There are things I might add or “tweak,” slightly, if I were crafting my own observance, but that’s precisely the point: it can be salutary, and spiritually rewarding, not to craft one’s own observance, but simply to enter, sympathetically and whole-heartedly, into the tradition, and allow oneself to be shaped and formed by it.

If you have not already decided on a Lenten discipline – or even if you have, but would like a slightly different perspective, or perhaps even ideas for next year – read this essay. Our secular society tends to view tradition as stultifying, confining, limiting. But in fact, it can often be quite liberating!

Whatever you choose to do, or whatever observances you choose, I wish you God’s blessing for a holy and nourishing Lent.

Ash Wednesday | Anglican Pastor

Christians have been preparing for the celebration of Easter by walking through a “Holy Lent” since ancient times. This is patterned after Jesus temptation in the wilderness…

Source: Ash Wednesday – Anglican Pastor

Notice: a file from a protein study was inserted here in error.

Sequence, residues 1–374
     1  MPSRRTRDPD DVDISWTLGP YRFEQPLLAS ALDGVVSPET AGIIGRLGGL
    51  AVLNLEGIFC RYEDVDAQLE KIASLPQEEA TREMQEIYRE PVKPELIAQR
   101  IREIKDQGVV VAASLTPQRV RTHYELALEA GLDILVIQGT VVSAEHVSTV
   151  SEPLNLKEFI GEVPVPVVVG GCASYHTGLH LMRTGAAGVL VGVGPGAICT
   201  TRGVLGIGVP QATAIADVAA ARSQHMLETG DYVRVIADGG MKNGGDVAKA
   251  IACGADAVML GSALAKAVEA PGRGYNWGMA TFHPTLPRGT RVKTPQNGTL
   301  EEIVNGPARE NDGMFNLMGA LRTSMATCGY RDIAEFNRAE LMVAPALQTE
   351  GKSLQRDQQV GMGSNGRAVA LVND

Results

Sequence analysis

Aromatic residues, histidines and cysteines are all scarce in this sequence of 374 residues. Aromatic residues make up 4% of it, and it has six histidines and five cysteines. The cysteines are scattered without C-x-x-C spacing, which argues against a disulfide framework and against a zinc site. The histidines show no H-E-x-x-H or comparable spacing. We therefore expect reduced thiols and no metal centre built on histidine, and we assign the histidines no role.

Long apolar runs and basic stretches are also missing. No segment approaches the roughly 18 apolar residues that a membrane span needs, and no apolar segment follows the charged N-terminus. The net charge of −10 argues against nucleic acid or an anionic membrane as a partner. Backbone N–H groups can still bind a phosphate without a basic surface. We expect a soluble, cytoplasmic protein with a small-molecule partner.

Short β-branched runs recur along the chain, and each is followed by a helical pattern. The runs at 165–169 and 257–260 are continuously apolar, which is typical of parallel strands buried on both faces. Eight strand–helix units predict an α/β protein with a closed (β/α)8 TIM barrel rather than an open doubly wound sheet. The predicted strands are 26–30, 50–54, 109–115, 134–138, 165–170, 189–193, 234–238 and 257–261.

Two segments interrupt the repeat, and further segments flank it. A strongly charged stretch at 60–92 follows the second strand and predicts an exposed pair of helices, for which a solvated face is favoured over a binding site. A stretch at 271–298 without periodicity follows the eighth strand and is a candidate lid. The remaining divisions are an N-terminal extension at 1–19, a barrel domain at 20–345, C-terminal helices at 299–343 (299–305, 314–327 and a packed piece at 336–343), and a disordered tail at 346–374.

If you happen to be wondering what this “Ash Wednesday” thing is all about, anyway, here’s a pretty good place to start. Ash Wednesday is the first day of Lent, and

Lent is a season of repentance, fasting, and self-reflection. Of course, all of this happens with the sure knowledge of God’s love and grace to us through Christ. Lent and Ash Wednesday are in no way about condemnation. They are a time in which human beings, given a pronouncement of forgiveness and absolution through Christ, can be honest with God, with ourselves, and with each other. With the terror of judgment removed, we can speak the truth.”

He goes on to explore the themes and customs of Ash Wednesday, in particular. Well worth a read if you’re new to this observance, or even if you are familiar with it – a fresh take, or perhaps a “refresher course,” is never a bad thing!